Aug 14, 2013 - By Andrea Novotny, Staff WriterAfter nearly a decade of reconstruction, the Carissa Gold Mine is coming back to life for all to see, with the grand opening scheduled for Sunday near the South Pass City State Historic Site south of Lander.
The tours are free and run from 10 a.m. to 3 p.m.
Though tours of the Carissa have been offered in the past, Sunday marks the public's first chance to see the mine's newly installed, fully functional equipment --50 tons of steel that wasn't there before --in action, operating at an ear-splitting 100 to 130 decibels.
"The period of restoration we're looking at is post-World War II," site curatorJon Lane said. "1946 through 1949 is the era where the mine and mill last ran three eight-hour shifts round the clock."
Around that time, the Carissa was said to be capable of processing 100 tons of ore daily, though it probably milled closer to 60 tons per day --producing around 16 ounces of gold, Lane said. An estimated 50,000 to 180,000 ounces of gold came out of the Carissa before it closed permanently in 1954.
When the Carissa closed, four essential pieces of equipment, the ball mill, spiral classifier, mineral jig and Wilfley table, were sold.
"When you close, you generally liquidate your property to pay your bills, to pay your employees," Lane said.
In 2009, the Wyoming Legislature provided funding to replace the missing pieces.
Equipment was sourced from vendors of outdated or antique equipment throughout the Rocky Mountain West, Lane said. The crew even managed to locate the same Wilfley table that was removed from the mine half a century ago.
But the installation of that machinery represents only the final touch in an ongoing process. Working with the federal Abandoned Mine Lands project and the Wyoming Historic Mine Trail initiative, the South Pass Historic Site began a series of renovations and restorations after the state's purchase of the Carissa in 2003.
The challenge since then has been to balance the goal of maintaining the site's historical integrity with the practical concerns associated with taking the public into an almost 150-year-old excavation containing working heavy machinery.
"The work that began about 10 years ago, right after the purchase, was looking at the mine hazards --open shafts --you know, where there's a giant hole in the ground and you throw the pebble and you never hear it hit the bottom," Lane said.
Open shafts either were fenced off or sealed with removable foam. Structural stabilization followed, along with precautionary measures to ensure that chemical hazards would be contained.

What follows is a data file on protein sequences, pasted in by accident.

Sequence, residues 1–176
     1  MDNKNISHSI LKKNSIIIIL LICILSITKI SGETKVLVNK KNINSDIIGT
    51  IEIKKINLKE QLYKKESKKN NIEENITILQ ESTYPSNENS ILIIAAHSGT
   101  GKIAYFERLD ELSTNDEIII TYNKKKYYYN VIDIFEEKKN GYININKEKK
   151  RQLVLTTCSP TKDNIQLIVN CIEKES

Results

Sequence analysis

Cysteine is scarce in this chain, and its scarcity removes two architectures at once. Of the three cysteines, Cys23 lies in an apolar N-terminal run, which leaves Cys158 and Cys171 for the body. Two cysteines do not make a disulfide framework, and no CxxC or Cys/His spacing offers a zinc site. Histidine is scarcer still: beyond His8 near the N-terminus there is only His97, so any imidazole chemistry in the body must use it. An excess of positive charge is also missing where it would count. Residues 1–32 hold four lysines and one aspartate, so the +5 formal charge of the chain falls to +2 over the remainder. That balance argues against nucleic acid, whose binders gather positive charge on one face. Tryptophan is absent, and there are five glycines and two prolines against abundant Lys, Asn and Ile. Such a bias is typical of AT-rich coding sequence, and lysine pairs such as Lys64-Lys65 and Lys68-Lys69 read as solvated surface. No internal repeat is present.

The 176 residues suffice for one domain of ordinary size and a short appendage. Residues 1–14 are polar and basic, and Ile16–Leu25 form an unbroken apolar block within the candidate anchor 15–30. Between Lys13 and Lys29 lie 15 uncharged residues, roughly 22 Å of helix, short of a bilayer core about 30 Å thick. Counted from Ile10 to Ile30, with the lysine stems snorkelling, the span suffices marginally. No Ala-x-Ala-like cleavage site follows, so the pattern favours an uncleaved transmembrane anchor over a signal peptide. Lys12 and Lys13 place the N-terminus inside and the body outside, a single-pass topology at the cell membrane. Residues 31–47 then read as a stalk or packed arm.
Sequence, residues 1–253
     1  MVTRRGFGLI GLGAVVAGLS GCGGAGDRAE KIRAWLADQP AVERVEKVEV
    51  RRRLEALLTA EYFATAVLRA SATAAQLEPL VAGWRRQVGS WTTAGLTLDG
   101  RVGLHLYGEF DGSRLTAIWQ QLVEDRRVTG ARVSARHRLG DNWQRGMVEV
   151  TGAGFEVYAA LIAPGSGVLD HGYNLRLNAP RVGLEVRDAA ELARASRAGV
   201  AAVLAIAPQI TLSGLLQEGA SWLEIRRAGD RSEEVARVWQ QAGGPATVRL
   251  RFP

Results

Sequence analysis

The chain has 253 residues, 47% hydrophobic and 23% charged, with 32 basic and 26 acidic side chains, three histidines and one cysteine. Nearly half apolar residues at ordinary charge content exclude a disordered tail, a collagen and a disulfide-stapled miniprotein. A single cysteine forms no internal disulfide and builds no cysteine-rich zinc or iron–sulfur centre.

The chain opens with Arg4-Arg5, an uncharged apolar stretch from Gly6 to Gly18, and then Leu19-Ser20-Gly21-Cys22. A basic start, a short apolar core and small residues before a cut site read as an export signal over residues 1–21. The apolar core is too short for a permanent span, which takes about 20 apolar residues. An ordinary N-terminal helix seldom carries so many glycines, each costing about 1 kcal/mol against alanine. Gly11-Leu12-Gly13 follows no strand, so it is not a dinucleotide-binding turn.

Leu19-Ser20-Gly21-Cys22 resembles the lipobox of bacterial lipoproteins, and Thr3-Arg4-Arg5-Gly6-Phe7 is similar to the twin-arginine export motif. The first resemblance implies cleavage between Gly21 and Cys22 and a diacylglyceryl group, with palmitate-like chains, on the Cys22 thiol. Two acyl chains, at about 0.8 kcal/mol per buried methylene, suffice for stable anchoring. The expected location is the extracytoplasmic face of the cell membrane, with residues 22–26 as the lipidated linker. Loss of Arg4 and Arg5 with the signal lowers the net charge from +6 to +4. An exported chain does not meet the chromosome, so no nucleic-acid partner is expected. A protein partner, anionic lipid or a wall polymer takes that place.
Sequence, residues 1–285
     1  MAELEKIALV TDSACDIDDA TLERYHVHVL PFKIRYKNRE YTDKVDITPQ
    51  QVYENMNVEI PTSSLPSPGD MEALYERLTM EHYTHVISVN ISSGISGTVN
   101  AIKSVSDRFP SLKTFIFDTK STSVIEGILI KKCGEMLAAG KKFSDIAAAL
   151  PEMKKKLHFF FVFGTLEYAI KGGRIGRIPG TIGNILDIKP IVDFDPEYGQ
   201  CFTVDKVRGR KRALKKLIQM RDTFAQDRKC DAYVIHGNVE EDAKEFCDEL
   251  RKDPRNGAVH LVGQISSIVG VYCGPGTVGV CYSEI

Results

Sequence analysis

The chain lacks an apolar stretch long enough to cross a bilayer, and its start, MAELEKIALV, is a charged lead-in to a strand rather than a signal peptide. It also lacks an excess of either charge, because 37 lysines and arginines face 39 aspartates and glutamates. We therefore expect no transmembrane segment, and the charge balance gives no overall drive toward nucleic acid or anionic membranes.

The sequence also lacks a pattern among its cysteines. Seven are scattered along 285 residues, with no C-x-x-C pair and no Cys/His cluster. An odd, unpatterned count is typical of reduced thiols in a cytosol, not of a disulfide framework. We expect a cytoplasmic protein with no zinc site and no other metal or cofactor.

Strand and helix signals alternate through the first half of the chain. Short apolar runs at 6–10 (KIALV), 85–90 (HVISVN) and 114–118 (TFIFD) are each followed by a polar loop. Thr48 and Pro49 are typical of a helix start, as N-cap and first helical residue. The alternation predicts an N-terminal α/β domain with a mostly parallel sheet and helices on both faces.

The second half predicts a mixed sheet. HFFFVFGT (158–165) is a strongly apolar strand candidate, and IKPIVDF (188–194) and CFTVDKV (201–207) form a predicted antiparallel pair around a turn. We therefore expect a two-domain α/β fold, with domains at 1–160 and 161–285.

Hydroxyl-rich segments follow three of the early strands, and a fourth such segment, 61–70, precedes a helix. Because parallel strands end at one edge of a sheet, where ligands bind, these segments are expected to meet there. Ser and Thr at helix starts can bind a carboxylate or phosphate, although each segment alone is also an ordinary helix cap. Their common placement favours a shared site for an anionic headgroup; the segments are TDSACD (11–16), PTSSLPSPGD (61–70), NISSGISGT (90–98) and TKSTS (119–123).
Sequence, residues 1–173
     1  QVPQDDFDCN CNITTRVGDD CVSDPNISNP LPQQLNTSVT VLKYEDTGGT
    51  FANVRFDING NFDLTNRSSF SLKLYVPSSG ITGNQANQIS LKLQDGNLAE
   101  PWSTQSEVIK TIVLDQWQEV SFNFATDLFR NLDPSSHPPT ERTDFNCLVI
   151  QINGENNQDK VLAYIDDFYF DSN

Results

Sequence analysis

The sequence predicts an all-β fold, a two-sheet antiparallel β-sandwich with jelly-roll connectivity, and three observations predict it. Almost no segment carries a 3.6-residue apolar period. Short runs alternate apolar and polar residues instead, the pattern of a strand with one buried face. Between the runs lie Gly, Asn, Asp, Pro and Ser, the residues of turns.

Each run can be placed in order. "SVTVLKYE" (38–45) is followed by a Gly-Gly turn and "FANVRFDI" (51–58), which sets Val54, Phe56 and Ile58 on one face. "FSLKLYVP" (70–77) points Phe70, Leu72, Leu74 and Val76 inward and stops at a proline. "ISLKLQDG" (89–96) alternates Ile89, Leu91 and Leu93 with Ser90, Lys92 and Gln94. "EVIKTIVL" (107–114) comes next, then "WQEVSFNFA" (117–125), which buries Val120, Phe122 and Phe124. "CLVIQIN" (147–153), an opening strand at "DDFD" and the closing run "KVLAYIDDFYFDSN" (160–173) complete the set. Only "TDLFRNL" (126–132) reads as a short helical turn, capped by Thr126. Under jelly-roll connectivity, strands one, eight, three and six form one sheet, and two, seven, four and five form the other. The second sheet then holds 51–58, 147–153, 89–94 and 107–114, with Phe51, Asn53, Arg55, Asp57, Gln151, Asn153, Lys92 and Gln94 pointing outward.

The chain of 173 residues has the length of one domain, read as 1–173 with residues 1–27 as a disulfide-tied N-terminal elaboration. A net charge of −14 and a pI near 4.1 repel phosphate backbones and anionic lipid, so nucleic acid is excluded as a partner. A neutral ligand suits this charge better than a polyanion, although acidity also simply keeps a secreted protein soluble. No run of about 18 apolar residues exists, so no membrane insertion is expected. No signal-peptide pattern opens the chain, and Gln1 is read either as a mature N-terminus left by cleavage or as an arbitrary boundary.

The water and other materials run through the mill will be recirculated and self-contained.
"We're not discharging or releasing anything into the environment," Lane said. "We're keeping everything within that building."
The development of the plumbing and electrical systems required some creativity. Modeled after 1946 systems, these systems needed to comply with modern safety standards.
"We're not dealing with 1946 construction codes or electrical codes," Lane said.
This meant implementing some "hybrid systems," he said, "armored electrical cable, for example, as opposed to the two live wires stapled to the surface of the wood.
"You've got your full functionality and safety of the modern twenty-first century, but it blends in or is camouflaged well within the architecture of the building and the design of the systems themselves," Lane said.
Lights came on in the Carissa last year for the first time since the mine's closure.
Another safety measure was the addition of stair rails, which were not present when the mine was in use.
"We know historically they were open stairways, because the people who we had a chance to interview that worked there said their number-one and number-two issues were electrocution because of bad wiring in 1946, and then falling down stairs because there weren't any railings," Lane said.
Although the interior resembles the mine's 1946 appearance, the exterior and layout resemble that of 1929.
After Sunday's grand opening, the mine will be open for public tours Saturday and Sunday afternoons beginning Aug. 24, lasting into the fall and winter as weather permits. The later tours will cost $2 per person for Wyoming residents and $4 for non-residents. Admission for children under 18 is free. Group size is capped at about 25 people per tour.
Tours are also provided for free to educational groups.
Touring the Carissa requires the navigation moderately narrow staircases.
A previous version of this story incorrectly identified the Wilfley table. The correction was made Aug. 16.
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